• Journal Article

Hip fracture incidence among elderly Asian-American populations

Citation

Lauderdale, D. S., Jacobsen, S. J., Fumer, S. E., Levy, P., Brody, J. A., & Goldberg, J. (1997). Hip fracture incidence among elderly Asian-American populations. American Journal of Epidemiology, 146(6), 502-509.

Abstract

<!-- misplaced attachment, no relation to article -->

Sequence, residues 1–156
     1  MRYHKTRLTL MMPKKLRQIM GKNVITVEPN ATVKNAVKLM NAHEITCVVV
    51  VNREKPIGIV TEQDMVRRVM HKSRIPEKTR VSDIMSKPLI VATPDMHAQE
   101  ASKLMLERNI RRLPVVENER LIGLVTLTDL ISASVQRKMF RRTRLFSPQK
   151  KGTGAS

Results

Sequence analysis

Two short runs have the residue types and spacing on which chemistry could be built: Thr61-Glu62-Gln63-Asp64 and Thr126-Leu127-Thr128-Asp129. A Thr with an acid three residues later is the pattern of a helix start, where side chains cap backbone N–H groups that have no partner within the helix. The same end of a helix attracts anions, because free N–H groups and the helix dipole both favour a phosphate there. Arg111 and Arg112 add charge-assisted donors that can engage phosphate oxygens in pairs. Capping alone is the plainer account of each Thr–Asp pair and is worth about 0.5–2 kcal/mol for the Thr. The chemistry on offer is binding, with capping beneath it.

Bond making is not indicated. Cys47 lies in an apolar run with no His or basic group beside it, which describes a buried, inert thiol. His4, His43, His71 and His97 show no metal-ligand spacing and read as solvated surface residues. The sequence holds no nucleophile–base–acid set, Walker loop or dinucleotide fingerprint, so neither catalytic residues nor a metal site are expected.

This study estimated national age-and sex-specific nontraumatic hip fracture incidence rates for elderly Chinese Americans, Japanese Americans, and Korean Americans, Based on a 50 percent sample of 1992 Medicare enrollees with the race/ethnicity code ''Asian'' and ''other,'' cohorts of persons with distinctive Chinese (n = 24,366), Japanese (n = 28,762), and Korean (n = 5,470) names were followed passively for 2 years for a hospitalization with a diagnostic code indicating hip fracture. Cohorts of whites and blacks were followed for comparison, Year of immigration was deduced from the year of issuance of the Social Security number. Age-adjusted hip fracture incidence was lower for all three Asian-American groups than for whites. For females, the standardized fracture ratio relative to whites was 30.1 for Chinese, 73.2 for Japanese, and 52.8 for Koreans; for males, the standardized fracture ratio was 41.9 for Chinese, 58.1 for Japanese, and 90.7 for Koreans. Persons whose Social Security numbers were issued after the Immigration Act of 1965 had an adjusted relative risk of 1.37 (95% confidence interval 1.05-1.78) compared with those in the US before that year, after adjustment for age, sex, and ethnic group